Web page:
How many of you have ever felt haunted? Director/ Co-writer Nick Murphy explores this phenomena cinematically in a brilliant way in his psychological chiller, THE AWAKENING. Set in a post-World War I England, Florence Cathcart (Rebecca Hall) is a professional ghost buster of sorts. When called upon by schoolmaster Robert Mallory (Dominic West) to investigate a haunting at an all boys boarding school, memories of both her past and the school’s come flooding back.
In an exclusive interview with us, Murphy discusses the poignancy in the deep rooted core of this story, the key building blocks to creating a successful thriller, and if he himself actually believes in ghosts.
VeryAware: First of all, I really enjoyed the film. It has a timeless elegance and ethereal feel to it – reminding me of THE OTHERS and THE INNOCENTS. How did this story come about?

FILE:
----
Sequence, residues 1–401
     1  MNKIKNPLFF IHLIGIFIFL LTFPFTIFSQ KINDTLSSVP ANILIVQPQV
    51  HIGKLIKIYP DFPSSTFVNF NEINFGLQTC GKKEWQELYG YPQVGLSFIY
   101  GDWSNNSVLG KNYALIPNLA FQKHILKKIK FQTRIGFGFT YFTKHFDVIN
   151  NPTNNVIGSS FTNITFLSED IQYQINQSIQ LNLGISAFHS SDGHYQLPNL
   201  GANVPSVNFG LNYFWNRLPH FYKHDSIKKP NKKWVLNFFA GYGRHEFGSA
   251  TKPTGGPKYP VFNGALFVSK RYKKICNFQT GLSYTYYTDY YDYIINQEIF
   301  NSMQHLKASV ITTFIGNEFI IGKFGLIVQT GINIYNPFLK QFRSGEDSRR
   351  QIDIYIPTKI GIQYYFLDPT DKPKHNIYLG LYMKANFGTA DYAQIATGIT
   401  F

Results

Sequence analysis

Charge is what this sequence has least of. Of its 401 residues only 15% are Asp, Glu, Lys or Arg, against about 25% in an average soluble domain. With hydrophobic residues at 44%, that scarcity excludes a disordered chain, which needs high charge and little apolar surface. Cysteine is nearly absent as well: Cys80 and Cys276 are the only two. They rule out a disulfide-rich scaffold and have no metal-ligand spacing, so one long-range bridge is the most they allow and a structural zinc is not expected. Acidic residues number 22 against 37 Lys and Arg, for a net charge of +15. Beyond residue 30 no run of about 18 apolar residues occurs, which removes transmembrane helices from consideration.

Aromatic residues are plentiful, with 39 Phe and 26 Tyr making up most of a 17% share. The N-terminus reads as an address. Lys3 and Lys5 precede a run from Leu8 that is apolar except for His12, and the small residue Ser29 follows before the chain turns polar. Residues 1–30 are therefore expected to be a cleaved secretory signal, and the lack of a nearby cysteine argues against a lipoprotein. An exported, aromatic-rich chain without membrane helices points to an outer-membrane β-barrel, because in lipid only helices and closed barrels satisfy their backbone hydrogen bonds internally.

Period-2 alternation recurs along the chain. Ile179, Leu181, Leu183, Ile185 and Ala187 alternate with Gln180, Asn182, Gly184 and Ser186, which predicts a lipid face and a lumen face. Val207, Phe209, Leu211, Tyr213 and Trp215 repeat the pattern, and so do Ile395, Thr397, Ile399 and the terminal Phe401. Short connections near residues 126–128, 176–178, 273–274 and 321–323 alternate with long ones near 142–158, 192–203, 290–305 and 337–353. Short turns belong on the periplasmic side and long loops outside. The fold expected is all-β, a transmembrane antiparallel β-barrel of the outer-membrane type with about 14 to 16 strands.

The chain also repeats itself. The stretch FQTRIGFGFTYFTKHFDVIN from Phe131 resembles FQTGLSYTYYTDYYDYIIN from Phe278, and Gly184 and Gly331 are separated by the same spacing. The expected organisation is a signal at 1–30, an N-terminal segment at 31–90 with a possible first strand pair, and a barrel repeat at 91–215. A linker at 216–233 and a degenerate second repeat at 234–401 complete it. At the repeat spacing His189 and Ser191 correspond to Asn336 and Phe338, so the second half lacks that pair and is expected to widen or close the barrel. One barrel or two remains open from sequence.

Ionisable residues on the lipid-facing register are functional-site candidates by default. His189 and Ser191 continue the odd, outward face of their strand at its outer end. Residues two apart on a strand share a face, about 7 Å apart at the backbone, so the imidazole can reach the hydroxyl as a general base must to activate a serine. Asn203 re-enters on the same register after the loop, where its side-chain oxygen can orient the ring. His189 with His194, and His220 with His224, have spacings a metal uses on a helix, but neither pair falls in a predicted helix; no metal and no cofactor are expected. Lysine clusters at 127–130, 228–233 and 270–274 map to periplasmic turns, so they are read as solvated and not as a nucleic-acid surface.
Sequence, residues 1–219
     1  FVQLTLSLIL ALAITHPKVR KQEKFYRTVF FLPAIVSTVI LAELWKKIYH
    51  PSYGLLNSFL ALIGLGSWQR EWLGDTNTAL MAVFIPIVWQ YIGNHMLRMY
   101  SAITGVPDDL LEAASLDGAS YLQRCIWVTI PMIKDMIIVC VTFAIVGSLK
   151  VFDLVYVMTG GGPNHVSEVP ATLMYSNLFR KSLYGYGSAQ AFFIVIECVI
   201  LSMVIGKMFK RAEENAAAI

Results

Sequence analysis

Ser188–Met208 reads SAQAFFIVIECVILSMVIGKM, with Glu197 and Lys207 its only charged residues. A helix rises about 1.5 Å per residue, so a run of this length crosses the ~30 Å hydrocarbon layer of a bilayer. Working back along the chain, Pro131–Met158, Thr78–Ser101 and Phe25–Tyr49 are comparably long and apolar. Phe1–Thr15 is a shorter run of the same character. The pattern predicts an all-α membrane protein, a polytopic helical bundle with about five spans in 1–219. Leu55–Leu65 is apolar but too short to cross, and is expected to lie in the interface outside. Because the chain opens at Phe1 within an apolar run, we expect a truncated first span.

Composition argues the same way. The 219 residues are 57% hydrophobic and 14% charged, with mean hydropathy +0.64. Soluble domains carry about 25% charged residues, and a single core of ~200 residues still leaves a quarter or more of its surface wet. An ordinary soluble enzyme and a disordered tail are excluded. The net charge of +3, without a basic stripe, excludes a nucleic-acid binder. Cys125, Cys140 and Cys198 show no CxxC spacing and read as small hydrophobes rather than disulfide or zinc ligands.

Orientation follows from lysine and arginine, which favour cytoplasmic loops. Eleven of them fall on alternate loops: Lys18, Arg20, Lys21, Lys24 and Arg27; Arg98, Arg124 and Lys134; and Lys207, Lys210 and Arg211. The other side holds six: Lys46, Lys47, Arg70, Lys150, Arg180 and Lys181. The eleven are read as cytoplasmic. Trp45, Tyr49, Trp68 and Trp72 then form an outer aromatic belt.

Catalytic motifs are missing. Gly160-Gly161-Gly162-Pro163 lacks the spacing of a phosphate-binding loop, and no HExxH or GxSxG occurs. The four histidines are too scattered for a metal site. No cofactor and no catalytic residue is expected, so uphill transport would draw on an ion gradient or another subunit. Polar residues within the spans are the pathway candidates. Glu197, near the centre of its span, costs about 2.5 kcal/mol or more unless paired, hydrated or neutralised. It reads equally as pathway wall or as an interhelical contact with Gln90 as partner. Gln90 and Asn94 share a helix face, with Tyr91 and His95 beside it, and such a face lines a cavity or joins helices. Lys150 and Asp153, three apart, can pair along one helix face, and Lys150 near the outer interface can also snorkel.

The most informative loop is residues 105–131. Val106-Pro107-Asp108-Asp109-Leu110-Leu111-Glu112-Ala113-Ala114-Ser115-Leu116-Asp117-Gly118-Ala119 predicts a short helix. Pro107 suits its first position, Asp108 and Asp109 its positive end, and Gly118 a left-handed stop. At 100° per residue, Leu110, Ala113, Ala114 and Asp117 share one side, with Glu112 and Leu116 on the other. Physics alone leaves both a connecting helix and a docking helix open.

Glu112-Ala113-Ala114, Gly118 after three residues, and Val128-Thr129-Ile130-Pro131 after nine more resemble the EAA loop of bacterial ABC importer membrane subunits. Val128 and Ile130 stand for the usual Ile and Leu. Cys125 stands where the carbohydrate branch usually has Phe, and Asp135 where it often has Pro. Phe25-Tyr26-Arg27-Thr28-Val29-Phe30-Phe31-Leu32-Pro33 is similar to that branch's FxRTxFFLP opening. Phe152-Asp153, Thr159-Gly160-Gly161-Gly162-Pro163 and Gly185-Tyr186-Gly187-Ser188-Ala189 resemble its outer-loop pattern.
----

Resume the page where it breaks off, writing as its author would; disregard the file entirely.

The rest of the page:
It was an existing script that was sent to me with the same sort of framework of story but wary, very different characters. What appealed to me was what it could become. If we could move the period from the Victorian gothic, which is always a bit over familiar for the genre, and into something more interesting to do with loss into this period post-first world war in Britain when so many people were missing and dead. As soon as I settled on the notion the film could be, as well as being a scary romp, it could be about why we see ghosts as much as we do. I thought by then I had something I could get my teeth into and began to write. Now I can create a world that I can honestly say is not seen on film before. Having said that, you’re right. When you’re making a genre piece, it’s not like a drama piece when there’s no real rules you’re following. You can’t just abandon the tropes and provisions of the genre. You need to blend that traditional thread with a new thread as well of novelty. But you can’t abandon while making that cloth – you can’t throw one out completely. Put it this way, if you’re going to make a cowboy film (a Western), you can’t have no guns, no horses, no saloons, no cussing, and no tobacco. What are you doing? What’s the point? Or rather the audience, you’ll have to go some way to keep the audience with you. There’s an expectation that is the framework within which you deliver a fresh and novel story. That I saw in the idea of the central female protagonist being the sort of woman that she was. Of it being in this sort of world I could set it to create a Britain in the way we’re used to seeing in beautiful ways – rolling hills. And create a center of Britain suffering a sickness, so the colors aren’t proper, life isn’t proper. There’s this howling grief echoing in people’s ears. That was all part and parcel of the novelty I could bring to what otherwise had to be, by necessity, in reasonably familiar territory: big house, ghost history, what’s going to happen?